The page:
Classic Pride

Are the kids alright? Harassment is still a problem
By Tim Gay
Those of us who were children or teens in the ’60s and ’70s often regale our therapists with tales about how our parents detached from us and what was really going on.

N.Y.U. students take varied paths to summer jobs
By Suzanne Zionts
Summer in the city may not be the most desirable place for some people, but for New York University students in the Village, the summer is the best time to earn some cash and even get ahead in the race towards a future in the city.

Book country goes pink
Pink Ink, the Queer Book Expo, took over the community room at the L.G.B.T. Center on W. 13th St. last Saturday for its second annual event.

Villagers become ‘poster couple’ for gay marriage
By Erica Stein
The first time Vinnie Maniscalco and Edward DeBonis got married, they were followed around by a film crew and had to build part of the altar by themselves. The second time, CNN showed up at the wedding.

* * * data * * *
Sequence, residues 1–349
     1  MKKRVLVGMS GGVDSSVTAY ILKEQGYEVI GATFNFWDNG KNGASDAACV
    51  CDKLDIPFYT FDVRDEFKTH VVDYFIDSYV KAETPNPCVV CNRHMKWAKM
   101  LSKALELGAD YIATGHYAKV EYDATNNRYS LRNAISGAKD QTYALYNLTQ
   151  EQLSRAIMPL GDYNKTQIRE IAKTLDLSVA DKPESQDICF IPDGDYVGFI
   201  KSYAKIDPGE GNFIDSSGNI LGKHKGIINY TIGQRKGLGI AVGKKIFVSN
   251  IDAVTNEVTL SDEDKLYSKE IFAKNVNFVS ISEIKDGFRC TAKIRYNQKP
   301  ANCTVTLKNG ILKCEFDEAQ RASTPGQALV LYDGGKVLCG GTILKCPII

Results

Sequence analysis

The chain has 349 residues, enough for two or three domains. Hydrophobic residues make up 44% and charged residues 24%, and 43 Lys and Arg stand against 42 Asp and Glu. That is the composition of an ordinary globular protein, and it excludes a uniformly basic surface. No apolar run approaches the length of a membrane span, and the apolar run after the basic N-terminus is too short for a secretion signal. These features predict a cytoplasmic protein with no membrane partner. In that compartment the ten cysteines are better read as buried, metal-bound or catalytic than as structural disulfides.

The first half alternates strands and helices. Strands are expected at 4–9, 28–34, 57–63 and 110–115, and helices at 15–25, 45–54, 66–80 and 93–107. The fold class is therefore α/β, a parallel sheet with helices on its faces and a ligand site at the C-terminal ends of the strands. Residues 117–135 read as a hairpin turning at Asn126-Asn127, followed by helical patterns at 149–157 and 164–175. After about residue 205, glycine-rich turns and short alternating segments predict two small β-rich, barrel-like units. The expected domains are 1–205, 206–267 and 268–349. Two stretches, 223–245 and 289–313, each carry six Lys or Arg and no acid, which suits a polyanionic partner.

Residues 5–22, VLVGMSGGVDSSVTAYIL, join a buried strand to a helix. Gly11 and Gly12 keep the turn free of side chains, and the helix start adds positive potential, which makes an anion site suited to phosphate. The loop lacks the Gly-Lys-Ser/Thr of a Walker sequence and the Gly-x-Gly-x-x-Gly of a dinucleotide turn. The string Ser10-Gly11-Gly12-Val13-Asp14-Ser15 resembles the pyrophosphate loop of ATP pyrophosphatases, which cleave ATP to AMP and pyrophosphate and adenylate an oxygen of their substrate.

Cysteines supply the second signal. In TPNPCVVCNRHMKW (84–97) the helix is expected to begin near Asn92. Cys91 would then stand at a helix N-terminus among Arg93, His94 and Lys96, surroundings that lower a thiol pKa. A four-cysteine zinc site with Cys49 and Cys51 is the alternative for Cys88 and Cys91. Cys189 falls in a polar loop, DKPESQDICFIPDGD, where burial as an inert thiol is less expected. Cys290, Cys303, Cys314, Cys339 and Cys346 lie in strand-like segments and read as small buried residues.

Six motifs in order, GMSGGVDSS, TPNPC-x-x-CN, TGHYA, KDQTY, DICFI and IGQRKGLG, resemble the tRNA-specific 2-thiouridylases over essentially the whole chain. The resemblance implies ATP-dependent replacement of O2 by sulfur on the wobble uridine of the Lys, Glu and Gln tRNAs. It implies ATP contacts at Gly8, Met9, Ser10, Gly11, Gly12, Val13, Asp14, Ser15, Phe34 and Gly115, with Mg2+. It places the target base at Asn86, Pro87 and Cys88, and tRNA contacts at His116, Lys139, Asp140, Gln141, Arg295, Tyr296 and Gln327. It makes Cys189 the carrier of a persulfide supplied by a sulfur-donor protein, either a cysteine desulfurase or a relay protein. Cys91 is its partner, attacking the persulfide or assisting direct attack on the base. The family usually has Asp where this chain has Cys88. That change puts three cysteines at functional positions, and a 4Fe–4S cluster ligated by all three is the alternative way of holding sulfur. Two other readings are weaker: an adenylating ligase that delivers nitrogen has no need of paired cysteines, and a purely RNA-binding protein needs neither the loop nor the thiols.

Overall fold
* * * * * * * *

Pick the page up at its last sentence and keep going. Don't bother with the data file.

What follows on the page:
Spirit of the Group Theater evoked
By Jerry Tallmer
“The Group” is a full-length script by Ronald Rand about the founding of the Group Theater, that pioneering handful of actors, directors, and playwrights who in the bleak 1930s moved American drama into the gristle of the twentieth century. In its short life, about a dozen years, the Group had its impact on everything that followed in American theater, especially the kind of acting that would presently give us a Julie Harris, a Marlon Brando, a Kim Stanley, an Al Pacino, a Meryl Streep, a Robert de Niro.

Koch On Film
By Ed Koch
“The Day After Tomorrow” (-) A really bad film. During the two hours, I felt as though I were watching one of the chapter movies from my youth in which nothing looked real and every chapter ended with someone in great peril. But in this movie, I really didn’t care about the people in distress since I felt absolutely no emotional bond with any of them.